There are many areas around the country that are having major problems with flooding. The rising flood levels in the Midwest have been a popular topic in the news recently. This news story reports that 1,000 residents of a southern Missouri town were forced to evacuate due to heavy rains and saturated grounds that could potentially cause a catastrophic failure of a levee along the Black River. Many others, living in flood-prone parts of the Midwest are packing up and heading for higher ground.
It's times like this that serve as a great reminder of the importance of having an Emergency Kit that is easy to grab if you are just given minutes to evacuate your home. A little bit of planning before you are asked to leave can make a very stressful situation much easier to handle.
Here are some tips on how to prepare for possible flooding. These are especially important if you live in an area that is prone to flooding.
Before a Flood
• Keep a battery-powered radio tuned to a local station, and follow emergency instructions.
• If the waters start to rise inside your house before you have evacuated, retreat to the second floor, the attic, and if necessary, the roof. Take dry clothing, a flashlight and a portable radio with you. Then, wait for help. Don't try to swim to safety; wait for rescuers to come to you
Buy Flood Insurance
• One of the most import things you can do to financially protect your home and family before a flood is to purchase a flood insurance policy.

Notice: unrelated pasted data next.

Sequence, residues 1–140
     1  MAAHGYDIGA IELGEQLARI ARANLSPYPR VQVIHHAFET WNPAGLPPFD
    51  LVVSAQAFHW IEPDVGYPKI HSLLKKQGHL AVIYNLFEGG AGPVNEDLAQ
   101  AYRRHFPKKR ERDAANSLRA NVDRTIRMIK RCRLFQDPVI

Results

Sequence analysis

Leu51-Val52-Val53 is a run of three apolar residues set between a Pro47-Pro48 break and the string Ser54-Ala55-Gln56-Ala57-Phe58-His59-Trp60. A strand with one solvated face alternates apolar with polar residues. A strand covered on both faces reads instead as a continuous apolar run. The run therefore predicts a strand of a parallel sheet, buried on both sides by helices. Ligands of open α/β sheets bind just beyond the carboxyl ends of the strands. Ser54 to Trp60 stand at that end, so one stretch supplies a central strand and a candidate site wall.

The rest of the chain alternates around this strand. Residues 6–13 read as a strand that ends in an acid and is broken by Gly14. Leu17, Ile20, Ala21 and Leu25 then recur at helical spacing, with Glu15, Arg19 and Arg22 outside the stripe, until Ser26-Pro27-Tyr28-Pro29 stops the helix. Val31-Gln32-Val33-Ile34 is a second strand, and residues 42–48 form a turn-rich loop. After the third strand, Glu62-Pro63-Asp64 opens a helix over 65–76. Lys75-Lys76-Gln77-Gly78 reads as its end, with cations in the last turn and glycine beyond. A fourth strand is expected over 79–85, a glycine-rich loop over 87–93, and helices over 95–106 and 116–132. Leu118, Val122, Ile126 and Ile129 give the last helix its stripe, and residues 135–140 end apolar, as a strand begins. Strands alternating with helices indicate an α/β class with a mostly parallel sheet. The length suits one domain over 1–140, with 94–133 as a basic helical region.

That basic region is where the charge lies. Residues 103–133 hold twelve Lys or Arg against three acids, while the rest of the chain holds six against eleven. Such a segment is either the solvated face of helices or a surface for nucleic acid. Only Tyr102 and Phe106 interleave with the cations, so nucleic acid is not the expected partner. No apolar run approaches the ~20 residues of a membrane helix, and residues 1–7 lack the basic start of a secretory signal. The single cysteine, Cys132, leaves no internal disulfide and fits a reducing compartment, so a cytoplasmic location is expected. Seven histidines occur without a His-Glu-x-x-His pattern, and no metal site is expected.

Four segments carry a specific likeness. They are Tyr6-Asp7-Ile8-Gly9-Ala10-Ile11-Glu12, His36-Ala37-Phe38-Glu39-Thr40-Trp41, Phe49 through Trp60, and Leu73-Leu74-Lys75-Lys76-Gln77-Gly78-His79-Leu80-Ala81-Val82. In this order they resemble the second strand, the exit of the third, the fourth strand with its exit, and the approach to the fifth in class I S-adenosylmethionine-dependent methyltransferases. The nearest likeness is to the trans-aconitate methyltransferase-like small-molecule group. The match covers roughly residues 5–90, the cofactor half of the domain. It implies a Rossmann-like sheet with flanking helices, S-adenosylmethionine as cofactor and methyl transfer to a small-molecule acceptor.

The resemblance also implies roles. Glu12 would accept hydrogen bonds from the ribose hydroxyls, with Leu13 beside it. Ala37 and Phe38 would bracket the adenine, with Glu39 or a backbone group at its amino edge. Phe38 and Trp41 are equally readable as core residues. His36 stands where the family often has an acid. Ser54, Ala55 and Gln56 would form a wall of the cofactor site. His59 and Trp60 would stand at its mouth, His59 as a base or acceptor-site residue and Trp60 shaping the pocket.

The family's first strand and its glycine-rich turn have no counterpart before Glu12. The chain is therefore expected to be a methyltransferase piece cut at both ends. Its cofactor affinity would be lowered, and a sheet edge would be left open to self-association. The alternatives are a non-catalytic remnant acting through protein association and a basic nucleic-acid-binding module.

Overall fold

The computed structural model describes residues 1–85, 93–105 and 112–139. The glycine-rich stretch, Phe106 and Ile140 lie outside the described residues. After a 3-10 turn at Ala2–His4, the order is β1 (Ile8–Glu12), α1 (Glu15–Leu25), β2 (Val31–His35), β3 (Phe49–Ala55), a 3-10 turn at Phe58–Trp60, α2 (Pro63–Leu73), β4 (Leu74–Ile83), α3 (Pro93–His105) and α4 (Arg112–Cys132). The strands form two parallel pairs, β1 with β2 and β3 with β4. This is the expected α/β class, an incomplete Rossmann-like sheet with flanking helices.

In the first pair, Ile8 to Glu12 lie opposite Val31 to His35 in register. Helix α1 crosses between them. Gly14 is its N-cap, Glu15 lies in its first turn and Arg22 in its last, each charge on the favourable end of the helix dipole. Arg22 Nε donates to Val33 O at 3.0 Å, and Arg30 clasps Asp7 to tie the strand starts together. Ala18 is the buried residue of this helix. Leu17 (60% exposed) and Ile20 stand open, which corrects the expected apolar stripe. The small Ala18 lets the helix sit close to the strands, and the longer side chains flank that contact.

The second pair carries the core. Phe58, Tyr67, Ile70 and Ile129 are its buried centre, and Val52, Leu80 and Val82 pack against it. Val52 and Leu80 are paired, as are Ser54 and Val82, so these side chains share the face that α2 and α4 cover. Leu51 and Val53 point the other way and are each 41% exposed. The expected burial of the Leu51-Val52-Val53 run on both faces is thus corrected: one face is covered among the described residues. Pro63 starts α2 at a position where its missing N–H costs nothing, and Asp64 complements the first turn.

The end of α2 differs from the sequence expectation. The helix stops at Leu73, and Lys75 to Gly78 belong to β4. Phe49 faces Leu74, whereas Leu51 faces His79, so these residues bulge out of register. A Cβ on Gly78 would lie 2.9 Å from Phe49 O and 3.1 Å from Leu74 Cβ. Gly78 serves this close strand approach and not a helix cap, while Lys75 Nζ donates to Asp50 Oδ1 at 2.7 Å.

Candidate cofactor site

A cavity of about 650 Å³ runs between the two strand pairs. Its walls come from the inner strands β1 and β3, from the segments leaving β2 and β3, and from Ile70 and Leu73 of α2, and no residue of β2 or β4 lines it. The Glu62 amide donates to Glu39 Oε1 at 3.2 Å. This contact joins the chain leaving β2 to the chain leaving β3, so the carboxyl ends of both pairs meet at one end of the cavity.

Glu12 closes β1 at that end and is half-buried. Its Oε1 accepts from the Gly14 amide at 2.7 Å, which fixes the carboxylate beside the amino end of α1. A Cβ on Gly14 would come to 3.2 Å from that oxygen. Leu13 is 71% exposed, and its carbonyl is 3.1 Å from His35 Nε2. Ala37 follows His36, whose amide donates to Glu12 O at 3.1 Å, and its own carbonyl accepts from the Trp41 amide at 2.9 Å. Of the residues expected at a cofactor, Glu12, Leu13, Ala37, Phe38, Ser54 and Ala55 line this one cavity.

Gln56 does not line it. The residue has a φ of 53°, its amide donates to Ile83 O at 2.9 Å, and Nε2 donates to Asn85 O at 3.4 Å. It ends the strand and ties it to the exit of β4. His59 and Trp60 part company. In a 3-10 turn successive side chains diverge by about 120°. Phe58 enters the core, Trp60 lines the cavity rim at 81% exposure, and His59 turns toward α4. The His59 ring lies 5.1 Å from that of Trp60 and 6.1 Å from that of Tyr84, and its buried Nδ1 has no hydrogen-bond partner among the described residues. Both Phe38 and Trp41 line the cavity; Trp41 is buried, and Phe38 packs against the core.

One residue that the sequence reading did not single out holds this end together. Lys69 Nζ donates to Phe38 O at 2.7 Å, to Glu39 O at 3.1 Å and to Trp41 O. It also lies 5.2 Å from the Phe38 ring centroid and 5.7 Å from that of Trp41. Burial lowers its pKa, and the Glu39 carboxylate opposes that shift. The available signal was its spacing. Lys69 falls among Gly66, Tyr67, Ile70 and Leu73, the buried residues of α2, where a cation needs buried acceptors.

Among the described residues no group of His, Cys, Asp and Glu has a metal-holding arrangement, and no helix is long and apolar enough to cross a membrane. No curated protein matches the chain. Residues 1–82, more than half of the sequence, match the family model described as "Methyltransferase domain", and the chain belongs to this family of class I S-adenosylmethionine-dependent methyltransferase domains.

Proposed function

• You can obtain one through your insurance company or agent. Flood insurance is guaranteed through the National Flood Insurance Program (NFIP), administered by the Federal Emergency Management Agency. Your homeowners insurance does not cover flood damage.
• Don't wait until a flood is coming to purchase your policy. It normally takes 30 days after purchase for a flood insurance policy to go into effect.
If time permits, here are some other steps that you can take before the flood waters come:
• Turn off all utilities at the main power switch and close the main gas valve if evacuation appears necessary.
• Move valuables, such as papers, electronics, jewelry, and family heirlooms to upper floors or higher elevations.
• Fill bathtubs, sinks and plastic soda bottles with clean water. Sanitize the sinks and tubs first by using bleach. Rinse, then fill with clean water.
• Bring outdoor possessions, such as lawn furniture, grills and trash cans inside, or tie them down securely.
These are all great ideas! I did not even think to sanitize my sinks and bathtubs. Where we live we sometimes have to fill the bathtub with water so we can flush the toilet. Next time I will sanitize it just in case I need to use it for consumption.
We also purchased a small inflatable boat that we could put kids or gear in depending on the situation. Thanks for all the prep tips, we REALLY appreciate it!
If you are able to. Get a small cheap jon boat or a cannoe. This will allow you to move with your BOB if a flash flood occurs and you cannot drive out. Put life jackets for the whole family and an extra or two for neighbors. If you are in a serious flood plain this could save you.
What about sandbags? Should we fight to keep the waters at bay for as long as we can? Are they worth the money and effort? I was talking to my wife about this the other day, we are moving to hurricane country, and I wasn't sure if I should add it to my prep list or not. Seems like it would be a good idea, but maybe futile at best?